It’s been nearly a year since the Obama administration began its deferred action program that gives eligible undocumented youth who were brought to the United States as children temporary relief from deportation and a shot at work authorization. As of the end of June, roughly 400,000 people had been granted the status.
So, as the first anniversary of the deferred action policy comes this week, who has applied? Who’s been approved? Where do they live? And what possible factors are keeping more potential beneficiaries from seeking the relief?
The Migration Policy Institute has published a new policy brief with answers to all these questions and more. It’s a really useful synopsis of this group of undocumented young people, whose chances at obtaining a path to citizenship seem the most promising as Congress continues to wrestle with immigration reform legislation.
Among the highlights from MPI’s report:
• More than 500,000 individuals applied for relief between Aug. 15, 2012, and June 30. Nearly 75 percent were approved, 1 percent were denied, and the others were still pending.
• Georgia, Illinois, and North Carolina have had the highest rates of application, while Florida and New York, despite some of the largest numbers of potential beneficiaries, have had the lowest rates.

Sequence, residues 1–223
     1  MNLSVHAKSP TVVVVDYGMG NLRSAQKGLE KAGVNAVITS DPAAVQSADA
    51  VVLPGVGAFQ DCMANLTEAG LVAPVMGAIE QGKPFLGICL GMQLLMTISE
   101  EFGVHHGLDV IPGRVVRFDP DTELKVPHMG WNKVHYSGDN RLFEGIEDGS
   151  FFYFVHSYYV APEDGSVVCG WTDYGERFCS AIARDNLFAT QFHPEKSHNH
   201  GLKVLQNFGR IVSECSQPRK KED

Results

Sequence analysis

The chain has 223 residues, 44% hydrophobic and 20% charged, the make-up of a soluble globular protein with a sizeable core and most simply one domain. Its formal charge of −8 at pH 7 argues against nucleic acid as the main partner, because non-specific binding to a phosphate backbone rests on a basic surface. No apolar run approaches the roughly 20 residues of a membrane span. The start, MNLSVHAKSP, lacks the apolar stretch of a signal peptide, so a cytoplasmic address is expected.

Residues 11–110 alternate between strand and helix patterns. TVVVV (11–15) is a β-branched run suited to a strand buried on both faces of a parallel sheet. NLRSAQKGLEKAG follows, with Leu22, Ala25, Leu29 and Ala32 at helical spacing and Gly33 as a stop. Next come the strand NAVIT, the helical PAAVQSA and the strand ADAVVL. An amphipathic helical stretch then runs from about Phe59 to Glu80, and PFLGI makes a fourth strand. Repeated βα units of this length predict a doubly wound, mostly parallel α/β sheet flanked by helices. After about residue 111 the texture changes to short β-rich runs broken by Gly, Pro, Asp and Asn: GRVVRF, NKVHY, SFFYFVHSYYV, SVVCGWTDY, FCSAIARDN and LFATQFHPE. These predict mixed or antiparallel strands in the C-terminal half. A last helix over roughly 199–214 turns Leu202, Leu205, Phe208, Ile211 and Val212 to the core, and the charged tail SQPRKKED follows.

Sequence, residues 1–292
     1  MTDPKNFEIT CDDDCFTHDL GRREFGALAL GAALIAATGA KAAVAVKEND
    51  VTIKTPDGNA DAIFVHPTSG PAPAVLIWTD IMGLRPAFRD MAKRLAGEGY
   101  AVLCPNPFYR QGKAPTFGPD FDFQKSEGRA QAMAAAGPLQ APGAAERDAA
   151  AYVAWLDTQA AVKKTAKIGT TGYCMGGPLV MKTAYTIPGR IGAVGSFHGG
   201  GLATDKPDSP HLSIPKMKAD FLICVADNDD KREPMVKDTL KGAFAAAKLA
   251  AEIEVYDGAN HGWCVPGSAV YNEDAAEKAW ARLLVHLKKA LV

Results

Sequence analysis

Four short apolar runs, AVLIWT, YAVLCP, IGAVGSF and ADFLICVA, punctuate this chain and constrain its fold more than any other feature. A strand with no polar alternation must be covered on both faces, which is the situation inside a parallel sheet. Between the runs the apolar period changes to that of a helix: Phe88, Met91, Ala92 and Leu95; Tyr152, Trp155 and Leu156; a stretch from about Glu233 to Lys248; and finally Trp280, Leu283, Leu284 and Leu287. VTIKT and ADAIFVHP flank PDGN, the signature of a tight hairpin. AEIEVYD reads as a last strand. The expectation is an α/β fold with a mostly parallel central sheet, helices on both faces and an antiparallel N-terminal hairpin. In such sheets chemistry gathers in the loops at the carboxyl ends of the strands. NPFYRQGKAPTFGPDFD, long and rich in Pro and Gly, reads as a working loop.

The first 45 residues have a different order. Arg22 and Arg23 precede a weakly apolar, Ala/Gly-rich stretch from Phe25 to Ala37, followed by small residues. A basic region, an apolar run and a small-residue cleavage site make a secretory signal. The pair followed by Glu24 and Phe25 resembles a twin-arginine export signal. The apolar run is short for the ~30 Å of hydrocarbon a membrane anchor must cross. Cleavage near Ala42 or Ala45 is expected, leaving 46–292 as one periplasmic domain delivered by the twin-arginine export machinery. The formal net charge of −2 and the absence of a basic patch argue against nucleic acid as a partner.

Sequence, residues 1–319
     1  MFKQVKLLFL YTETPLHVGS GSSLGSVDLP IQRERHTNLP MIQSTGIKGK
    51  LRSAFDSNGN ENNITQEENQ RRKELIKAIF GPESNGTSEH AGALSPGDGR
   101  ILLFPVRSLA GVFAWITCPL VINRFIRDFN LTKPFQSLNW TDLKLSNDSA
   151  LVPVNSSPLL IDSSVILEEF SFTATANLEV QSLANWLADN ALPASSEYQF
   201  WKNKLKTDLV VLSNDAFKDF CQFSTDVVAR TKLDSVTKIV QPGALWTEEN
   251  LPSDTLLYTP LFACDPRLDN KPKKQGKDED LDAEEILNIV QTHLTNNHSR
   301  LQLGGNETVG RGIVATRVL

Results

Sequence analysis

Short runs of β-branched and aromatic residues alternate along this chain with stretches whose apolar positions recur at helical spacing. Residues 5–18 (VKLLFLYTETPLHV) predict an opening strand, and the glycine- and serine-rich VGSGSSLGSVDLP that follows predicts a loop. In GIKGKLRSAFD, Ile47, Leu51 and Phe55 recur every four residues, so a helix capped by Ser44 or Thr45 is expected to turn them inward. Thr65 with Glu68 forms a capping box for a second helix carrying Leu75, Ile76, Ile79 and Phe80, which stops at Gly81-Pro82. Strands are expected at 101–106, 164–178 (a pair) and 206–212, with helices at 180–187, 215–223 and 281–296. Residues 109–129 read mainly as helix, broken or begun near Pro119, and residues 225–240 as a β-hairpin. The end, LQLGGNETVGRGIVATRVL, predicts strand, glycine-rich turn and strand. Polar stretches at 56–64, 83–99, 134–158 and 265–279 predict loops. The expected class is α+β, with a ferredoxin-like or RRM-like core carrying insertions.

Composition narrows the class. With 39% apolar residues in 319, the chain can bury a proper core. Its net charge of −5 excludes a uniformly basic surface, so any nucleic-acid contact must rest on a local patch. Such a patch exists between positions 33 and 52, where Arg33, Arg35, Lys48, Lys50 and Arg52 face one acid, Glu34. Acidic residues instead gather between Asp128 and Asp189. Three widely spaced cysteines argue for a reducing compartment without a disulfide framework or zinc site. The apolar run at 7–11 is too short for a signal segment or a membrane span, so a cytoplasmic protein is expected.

• Youth born in Mexico (who make up nearly 60 percent of those who are eligible) had the highest application rates, followed by Honduras, Guatemala, and El Salvador.
• Chinese applicants have hardly registered a blip even though China ranks ninth among countries of origin for potential beneficiaries.
• Most currently eligible youth have strong English-speaking skills. Broken down further, 60 percent are considered bilingual, while 9 percent speak English only. Thirty-one percent are not yet proficient in English.
MPI estimates that more than 420,000 undocumented young people who meet the age and other non-education criteria would fall short of winning relief because they have no high school diploma or GED, and are not currently enrolled in school. Fifty-eight percent of potential beneficiaries in this group have some high school credits, while 42 percent have completed no high school grades. They struggle more with English proficiency, are poorer, are more likely to have children, and have higher rates of employment than their peers who meet the education requirements—all of which present substantial barriers to completing the schooling criteria.
The experts at MPI will be hosting a video chat on the brief and other issues related to deferred action and immigration reform on Wednesday at 2:30 Eastern.
A version of this news article first appeared in the Learning the Language blog.